Sexual Positioning Practices and Sexual Risk Among Black Gay and Bisexual Men: A Life Course Perspective
- 211 Downloads
Increased attention has highlighted the role of age and sexual development on HIV risk among Black MSM (BMSM); limited focus has been given to the relationship of sexual positioning to HIV risk along the life course. This study examined BMSM’s life course sexual positioning practices and accompanying HIV/STI risks. Twenty-six Black gay and bisexual men ages 24–61 completed life history interviews in Los Angeles, California, between September and November 2015. Thematic analysis evaluated domains including major life events, substance use, social support, and partner selection. Varying exposure to HIV treatment and prevention options and venues to meet male partners revealed generational differences in sexual risks. Childhood sexual abuse and internalized homonegativity impacted personal development, sexual positioning, and condom negotiation. BMSM also assumed sexual positioning using masculinity stereotypes and body language. Clarifying the sexual development and HIV/STI risk contexts among BMSM could better inform current treatment and prevention needs.
KeywordsSexual positioning Black MSM HIV risk STI risk Culture
We acknowledge and thank Greg Wilson and the staff at REACH LA for all their support as the research site for this study.
Complains with Ethical Standards
Conflicts of interest
The authors declare no conflicts of interest.
All procedures performed in studies involving human participants were in accordance with the ethical standards of the institutional and/or national research committee and with the 1964 Helsinki declaration and its later amendments or comparable ethical standards.
Informed consent was obtained from all individual participants included in the study.
- 1.Centers for Disease Control and Prevention. Lifetime risk of HIV diagnosis in the United States [Internet]. 2016 [cited 2016 Feb 28]. http://www.cdc.gov/nchhstp/newsroom/docs/factsheets/lifetime-risk-hiv-dx-us.pdf.
- 6.Mayer KH, Wang L, Koblin B, Mannheimer S, Magnus M, del Rio C, et al. Concomitant socioeconomic, behavioral, and biological factors associated with the disproportionate HIV infection burden among black men who have sex with men in 6 U.S. Cities. PLoS ONE. 2014;9(1):e87298.CrossRefPubMedPubMedCentralGoogle Scholar
- 11.Centers for Disease Control and Prevention. CDC—HIV/AIDS—Gay and bisexual men’s Health [Internet]. 2014 [cited 2014 Dec 3]. http://www.cdc.gov/msmhealth/HIV.htm.
- 18.Nelson KM, Gamarel KE, Pantalone DW, Carey MP, Simoni JM. Sexual debut and HIV-related sexual risk-taking by birth cohort among men who have sex with men in the United States. AIDS Behav. 2016;10:1–10.Google Scholar
- 19.Glick SN, Cleary SD, Golden MR. Increasing acceptance of homosexuality in the United States across racial and ethnic subgroups. J Acquir Immune Defic Syndr [Internet]. 2015 Jun 26 [cited 2016 Dec 5]. https://iths.pure.elsevier.com/en/publications/increasing-acceptance-of-homosexuality-in-the-united-states-acros.
- 29.Schechter MT, Boyko WJ, Douglas B, Willoughby B, McLeod A, Maynard M, et al. The vancouver lymphadenopathy-AIDS study: 6. HIV seroconversion in a cohort of homosexual men. CMAJ Can Med Assoc J Assoc Medicale Can. 1986;135(12):1355–60.Google Scholar
- 32.Wolitski RJ, Branson BM. “Gray area behaviors” and partner selection strategies. In: O’Leary A, editor. Beyond Condoms [Internet]. Springer US; 2002 [cited 2015 Apr 21]. pp. 173–98. http://link.springer.com/chapter/10.1007/0-306-47518-9_8.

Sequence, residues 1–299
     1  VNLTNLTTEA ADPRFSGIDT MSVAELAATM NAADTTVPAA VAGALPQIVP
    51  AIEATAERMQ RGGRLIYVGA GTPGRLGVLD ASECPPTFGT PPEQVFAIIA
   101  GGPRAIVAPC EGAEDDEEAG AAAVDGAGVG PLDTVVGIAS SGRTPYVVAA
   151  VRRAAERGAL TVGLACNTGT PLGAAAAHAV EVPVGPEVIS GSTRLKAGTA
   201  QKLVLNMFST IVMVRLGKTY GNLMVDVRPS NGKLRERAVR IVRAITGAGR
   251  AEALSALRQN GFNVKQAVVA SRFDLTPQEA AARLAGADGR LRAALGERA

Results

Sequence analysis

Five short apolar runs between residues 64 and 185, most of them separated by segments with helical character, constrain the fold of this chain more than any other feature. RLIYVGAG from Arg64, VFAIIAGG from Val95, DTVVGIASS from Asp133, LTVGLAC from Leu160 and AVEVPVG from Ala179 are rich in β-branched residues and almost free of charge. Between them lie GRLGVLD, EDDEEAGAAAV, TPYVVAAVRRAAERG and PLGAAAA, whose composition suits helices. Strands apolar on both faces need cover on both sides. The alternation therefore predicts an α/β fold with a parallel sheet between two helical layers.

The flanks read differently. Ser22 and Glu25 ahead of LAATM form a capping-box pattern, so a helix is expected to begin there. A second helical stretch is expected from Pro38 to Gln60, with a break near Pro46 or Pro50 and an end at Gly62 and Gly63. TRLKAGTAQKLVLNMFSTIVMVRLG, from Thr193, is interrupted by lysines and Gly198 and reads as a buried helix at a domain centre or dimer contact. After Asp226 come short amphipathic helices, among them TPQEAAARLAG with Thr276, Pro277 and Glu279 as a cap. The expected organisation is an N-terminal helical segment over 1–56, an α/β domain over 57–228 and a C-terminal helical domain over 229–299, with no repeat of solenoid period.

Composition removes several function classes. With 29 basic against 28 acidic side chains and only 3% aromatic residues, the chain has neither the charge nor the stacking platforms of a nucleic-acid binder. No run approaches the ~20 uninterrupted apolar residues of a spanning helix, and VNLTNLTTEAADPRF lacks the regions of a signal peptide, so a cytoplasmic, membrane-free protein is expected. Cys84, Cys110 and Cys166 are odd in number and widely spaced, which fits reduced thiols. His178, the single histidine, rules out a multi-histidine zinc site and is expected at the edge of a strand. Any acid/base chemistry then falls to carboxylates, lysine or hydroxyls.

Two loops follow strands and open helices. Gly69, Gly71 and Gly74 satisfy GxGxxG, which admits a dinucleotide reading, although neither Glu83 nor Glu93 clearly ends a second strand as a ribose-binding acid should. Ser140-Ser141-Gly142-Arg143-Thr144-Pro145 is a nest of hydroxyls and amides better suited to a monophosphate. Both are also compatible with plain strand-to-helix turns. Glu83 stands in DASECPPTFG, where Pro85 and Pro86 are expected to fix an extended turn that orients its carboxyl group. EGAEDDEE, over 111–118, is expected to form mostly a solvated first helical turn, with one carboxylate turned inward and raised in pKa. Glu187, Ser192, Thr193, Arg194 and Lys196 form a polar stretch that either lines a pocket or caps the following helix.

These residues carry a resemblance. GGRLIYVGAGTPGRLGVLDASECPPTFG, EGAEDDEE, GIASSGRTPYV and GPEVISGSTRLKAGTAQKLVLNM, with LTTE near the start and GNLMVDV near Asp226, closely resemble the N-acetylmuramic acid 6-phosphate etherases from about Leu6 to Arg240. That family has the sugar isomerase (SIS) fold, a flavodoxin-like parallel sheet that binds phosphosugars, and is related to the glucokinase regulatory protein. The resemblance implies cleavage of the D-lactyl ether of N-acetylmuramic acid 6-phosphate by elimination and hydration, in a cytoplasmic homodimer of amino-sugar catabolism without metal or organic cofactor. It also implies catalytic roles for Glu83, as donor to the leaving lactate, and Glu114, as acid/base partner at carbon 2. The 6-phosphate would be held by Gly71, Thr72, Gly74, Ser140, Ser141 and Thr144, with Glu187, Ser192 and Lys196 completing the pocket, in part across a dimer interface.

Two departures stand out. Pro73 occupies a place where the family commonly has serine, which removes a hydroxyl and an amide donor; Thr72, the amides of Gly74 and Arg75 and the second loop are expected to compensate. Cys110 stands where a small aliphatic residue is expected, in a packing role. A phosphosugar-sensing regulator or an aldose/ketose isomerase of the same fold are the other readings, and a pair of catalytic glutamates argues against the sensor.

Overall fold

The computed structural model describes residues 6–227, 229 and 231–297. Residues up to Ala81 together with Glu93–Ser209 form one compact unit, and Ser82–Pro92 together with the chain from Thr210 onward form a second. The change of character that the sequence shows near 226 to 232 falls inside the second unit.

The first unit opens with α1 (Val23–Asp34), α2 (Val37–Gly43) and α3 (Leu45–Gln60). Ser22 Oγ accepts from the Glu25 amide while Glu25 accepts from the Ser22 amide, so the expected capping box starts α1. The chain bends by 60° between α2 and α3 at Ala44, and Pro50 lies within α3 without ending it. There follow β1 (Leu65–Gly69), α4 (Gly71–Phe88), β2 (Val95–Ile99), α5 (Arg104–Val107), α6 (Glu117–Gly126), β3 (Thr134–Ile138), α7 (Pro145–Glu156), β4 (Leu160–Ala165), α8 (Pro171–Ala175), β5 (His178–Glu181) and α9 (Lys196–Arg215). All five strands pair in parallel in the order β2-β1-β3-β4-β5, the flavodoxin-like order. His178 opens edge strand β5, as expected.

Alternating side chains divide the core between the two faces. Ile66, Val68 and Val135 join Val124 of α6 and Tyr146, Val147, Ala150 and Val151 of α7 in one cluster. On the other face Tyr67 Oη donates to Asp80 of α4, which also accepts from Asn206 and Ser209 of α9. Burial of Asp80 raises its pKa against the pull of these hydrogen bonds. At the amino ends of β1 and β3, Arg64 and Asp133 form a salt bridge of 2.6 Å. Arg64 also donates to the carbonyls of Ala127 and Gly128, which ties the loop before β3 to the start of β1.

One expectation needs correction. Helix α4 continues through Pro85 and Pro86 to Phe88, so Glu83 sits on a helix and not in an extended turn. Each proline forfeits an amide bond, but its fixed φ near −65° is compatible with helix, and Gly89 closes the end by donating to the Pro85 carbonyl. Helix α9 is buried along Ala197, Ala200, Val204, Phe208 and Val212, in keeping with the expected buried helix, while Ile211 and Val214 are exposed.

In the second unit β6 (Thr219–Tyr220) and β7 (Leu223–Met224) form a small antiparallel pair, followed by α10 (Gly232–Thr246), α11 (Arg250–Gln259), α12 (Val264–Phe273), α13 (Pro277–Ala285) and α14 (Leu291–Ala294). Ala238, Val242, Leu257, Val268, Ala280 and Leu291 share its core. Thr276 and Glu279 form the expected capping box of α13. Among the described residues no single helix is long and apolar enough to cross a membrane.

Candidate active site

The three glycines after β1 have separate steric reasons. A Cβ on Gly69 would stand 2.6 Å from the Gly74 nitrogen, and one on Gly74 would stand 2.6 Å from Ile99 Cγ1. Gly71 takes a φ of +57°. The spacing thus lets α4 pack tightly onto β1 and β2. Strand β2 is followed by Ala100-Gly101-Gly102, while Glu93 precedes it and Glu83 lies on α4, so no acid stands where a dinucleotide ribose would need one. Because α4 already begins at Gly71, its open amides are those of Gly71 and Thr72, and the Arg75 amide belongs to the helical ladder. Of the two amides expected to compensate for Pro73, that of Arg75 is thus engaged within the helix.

- 33.Dangerfield D II, Smith LR, Williams J, Unger J, Bluthenthal R. Sexual positioning among men who have sex with men: a narrative review. Arch Sex Behav. 2016;13:1–16.Google Scholar
- 38.Dworkin SL, Zakaras JM, Campbell C, Wilson P, Grisham K, Chakravarty D, et al. Relationship power among same-sex male couples in New York and San Francisco: laying the groundwork for sexual risk reduction interventions focused on interpersonal power. J Sex Res. 2017;4:1–13.Google Scholar
- 55.Mimiaga MJ, Reisner SL, Bland S, Cranston K, Isenberg D, Driscoll MA, et al. “It’s a quick way to get what you want”: a formative exploration of HIV risk among urban Massachusetts men who have sex with men who attend ex parties. AIDS Patient Care STDs. 2010;24(10):659–74.CrossRefPubMedGoogle Scholar
- 56.Denzin NK, Lincoln YS. The SAGE Handbook of Qualitative Research. SAGE; 2011. 785 p.Google Scholar
- 57.Ober AJ, Dangerfield II DT, Shoptaw S, Ryan G, Stucky B, Friedman SR. Using a “positive deviance” framework to discover adaptive risk reduction behaviors among high-risk HIV-negative Black men who have sex with men. AIDS Behav. 2017;1–14.Google Scholar
- 63.Adam BD, Hart TA, Mohr J, Coleman T, Vernon J. HIV-related syndemic pathways and risk subjectivities among gay and bisexual men: a qualitative investigation. Cult Health Sex. 2017;4:1–14.Google Scholar
- 66.Cahill S, Taylor SW, Elsesser SA, Mena L, Hickson D, Mayer KH. Stigma, medical mistrust, and perceived racism may affect PrEP awareness and uptake in black compared to white gay and bisexual men in Jackson, Mississippi and Boston, Massachusetts. AIDS Care. 2017;4:1–8.Google Scholar
- 69.Patton ME, Kidd S, Llata E, Stenger M, Braxton J, Asbel L, et al. Extragenital gonorrhea and chlamydia testing and infection among men who have sex with men—STD Surveillance Network, United States, 2010–2012. Clin Infect Dis. 2014 Mar 18;ciu184.Google Scholar
- 73.Hales RE. The aAmerican psychiatric publishing textbook of psychiatry. Washington: American Psychiatric Pub; 2008. 1820 p.Google Scholar